MONTEREY PARK — East Los Angeles College has signed an agreement with California State University, Los Angeles, designed to encourage community college graduates to transfer into the four-year university system.
According to Rodolfo Arevalo, assistant vice president for academic affairs at Cal State L.A., the agreement is the first of its kind in the nation and is aimed primarily at eliminating the mystique surrounding four-year colleges.
"Many students go to a community college because they feel they can't make it at a four-year college," Arevalo said. "We're trying to break down that image and indicate that, in fact, they can make it."
The transfer agreement, signed June 19, is also an attempt to promote educational opportunities for minorities, who make up 90% of the 15,000 students at East Los Angeles College.
"This was definitely established with that in mind," said Fran Marroquin, an East Los Angeles College counselor. "We felt that maybe those students do need that extra encouragement, that extra boost, that extra push to get them (to a four-year college)."
The agreement features such cooperative measures as counseling on transfer procedures, admissions and financial aid workshops, and, if funding can be obtained, establishment of a transfer center at East Los Angeles College. In addition, faculties at both schools are expected to coordinate their curricula so credits will be easier to transfer and East Los Angeles graduates will be better prepared for courses at Cal State L.A.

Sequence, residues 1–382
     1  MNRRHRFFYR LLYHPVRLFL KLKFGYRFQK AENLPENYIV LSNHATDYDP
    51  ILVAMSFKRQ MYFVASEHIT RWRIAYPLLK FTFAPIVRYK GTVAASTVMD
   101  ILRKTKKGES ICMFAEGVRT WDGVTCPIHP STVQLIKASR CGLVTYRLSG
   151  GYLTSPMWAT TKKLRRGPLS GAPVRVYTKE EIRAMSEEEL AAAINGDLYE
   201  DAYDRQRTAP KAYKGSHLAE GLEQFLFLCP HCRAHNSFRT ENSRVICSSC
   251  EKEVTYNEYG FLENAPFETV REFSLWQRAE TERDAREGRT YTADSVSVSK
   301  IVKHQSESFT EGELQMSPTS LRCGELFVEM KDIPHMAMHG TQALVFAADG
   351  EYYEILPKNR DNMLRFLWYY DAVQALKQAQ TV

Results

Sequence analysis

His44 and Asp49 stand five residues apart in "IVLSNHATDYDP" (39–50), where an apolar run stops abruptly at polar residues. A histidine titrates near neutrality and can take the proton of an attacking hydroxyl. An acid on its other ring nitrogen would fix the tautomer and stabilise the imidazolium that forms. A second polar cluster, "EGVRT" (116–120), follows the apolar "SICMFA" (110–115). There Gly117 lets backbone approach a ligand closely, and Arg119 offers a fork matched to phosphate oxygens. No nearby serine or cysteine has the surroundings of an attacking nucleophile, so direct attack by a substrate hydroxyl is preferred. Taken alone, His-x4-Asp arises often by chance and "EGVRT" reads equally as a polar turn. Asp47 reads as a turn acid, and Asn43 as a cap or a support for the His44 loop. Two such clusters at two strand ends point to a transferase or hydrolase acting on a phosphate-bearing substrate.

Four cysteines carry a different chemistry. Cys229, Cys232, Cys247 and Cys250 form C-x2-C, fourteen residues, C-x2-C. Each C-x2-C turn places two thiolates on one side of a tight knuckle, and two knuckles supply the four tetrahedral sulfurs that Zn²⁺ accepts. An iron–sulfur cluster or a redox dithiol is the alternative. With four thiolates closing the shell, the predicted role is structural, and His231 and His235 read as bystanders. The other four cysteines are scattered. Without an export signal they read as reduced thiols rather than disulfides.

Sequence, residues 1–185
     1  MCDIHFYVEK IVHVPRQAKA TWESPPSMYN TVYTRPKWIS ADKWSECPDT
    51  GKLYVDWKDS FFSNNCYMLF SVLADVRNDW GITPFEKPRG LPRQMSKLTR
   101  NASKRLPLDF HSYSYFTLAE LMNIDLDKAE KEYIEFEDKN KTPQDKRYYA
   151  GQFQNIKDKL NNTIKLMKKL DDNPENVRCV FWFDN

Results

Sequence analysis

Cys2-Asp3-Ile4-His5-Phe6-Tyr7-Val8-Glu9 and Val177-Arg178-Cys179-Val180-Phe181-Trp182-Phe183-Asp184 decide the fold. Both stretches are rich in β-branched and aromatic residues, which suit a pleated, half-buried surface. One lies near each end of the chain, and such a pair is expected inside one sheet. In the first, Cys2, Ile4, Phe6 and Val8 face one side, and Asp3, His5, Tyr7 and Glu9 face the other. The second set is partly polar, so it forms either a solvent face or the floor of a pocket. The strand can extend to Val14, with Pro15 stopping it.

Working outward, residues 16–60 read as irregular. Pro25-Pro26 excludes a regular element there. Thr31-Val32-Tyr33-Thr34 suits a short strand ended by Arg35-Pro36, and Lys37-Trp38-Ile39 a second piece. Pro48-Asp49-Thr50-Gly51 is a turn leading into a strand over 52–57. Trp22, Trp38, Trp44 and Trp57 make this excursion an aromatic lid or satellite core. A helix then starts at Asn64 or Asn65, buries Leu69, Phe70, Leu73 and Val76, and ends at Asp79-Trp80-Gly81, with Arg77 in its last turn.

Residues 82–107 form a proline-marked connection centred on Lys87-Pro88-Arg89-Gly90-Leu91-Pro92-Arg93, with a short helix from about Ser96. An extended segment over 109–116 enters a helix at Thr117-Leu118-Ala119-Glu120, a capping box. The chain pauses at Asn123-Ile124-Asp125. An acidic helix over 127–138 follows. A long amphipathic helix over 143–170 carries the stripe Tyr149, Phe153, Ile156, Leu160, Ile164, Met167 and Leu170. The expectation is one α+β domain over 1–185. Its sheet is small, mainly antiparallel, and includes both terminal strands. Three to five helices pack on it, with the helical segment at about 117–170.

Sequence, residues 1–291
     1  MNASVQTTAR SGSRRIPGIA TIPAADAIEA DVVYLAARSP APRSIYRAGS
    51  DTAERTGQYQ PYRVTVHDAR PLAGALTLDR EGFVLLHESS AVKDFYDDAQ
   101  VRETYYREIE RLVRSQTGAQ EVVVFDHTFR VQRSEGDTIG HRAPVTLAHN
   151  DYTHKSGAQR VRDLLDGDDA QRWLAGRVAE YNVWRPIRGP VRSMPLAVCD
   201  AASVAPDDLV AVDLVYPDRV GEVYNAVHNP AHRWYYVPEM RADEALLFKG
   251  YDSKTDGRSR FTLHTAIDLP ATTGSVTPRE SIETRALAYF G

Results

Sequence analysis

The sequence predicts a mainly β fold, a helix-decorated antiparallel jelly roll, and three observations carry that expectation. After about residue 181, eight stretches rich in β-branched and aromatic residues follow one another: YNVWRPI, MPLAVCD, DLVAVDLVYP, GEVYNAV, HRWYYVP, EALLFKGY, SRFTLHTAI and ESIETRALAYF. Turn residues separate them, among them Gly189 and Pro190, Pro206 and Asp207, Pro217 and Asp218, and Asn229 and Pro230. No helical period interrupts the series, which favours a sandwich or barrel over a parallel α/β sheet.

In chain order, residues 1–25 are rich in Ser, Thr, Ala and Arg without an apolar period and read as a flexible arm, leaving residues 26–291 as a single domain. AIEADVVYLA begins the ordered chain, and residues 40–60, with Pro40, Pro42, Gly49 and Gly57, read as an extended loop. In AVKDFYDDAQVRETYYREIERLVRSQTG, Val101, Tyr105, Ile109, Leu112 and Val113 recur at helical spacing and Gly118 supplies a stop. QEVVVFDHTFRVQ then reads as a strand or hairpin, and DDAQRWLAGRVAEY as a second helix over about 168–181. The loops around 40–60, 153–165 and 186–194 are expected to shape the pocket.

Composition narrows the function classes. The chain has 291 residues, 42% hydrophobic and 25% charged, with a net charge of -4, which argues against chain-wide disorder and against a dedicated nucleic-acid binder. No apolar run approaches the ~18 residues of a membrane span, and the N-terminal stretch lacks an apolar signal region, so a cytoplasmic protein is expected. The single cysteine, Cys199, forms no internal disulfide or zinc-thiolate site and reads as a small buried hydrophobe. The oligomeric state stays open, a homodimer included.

"You would think that this should happen anyway," East Los Angeles President Arthur D. Avila said. "But the only way to ensure cooperation is to formally declare that we are going to engage in this kind of exchange."
In fact, many of the measures are similar to things the two-year school has been doing for several years, Marroquin said.
"This agreement just kind of solidifies everything," she said. "It gives us credence and administrative support."
Less Intimidating Transfers
Although there are new elements in the counseling process--such as the transfer center--administrators at both colleges said the agreement is primarily designed to make transferring less intimidating.
"Many community college students want to transfer but somewhere change their mind," Arevalo said. "We want them to be aware that there is somebody waiting for them when they make the move."
Despite huge enrollments, attrition rates at community colleges have soared in recent years. Conceived in the 1950s as steppingstones to four-year colleges, community colleges have struggled in the last decade to send even a small percentage of students into the university system.
In the fall of 1983, for example, the California Postsecondary Education Commission estimated that only about 35,000 out of nearly 1.2 million community college students transferred to public universities, and probably fewer than 5,000 transferred to private colleges.
East Los Angeles College has had the same problem. Although about 10,000--two-thirds--of the school's students expressed the intention to move into the university system, fewer than 1,000 made the transfer last year, said Dr. Ernesto Ballesteros, dean of admissions. Of those, 512 transferred to Cal State L.A.
"That's part of the nature of the student who comes to the community college," Ballesteros said, adding that he thinks transfer statistics do not adequately represent the function of community colleges.
Ballesteros said a recent survey of East Los Angeles College students shows that about a third of them are attending community college to acquire or improve an occupational skill and are not necessarily seeking to transfer directly into a four-year college.
In addition, he said that with a median student age of 27, even those who plan to transfer often have vocational, financial and personal commitments that prevent them from continuing their education.
Administrators at both colleges said that the transfer agreement is not a replacement for the community college and that there will be no attempt to recruit community college students before they complete the 56 transferable units required by the university.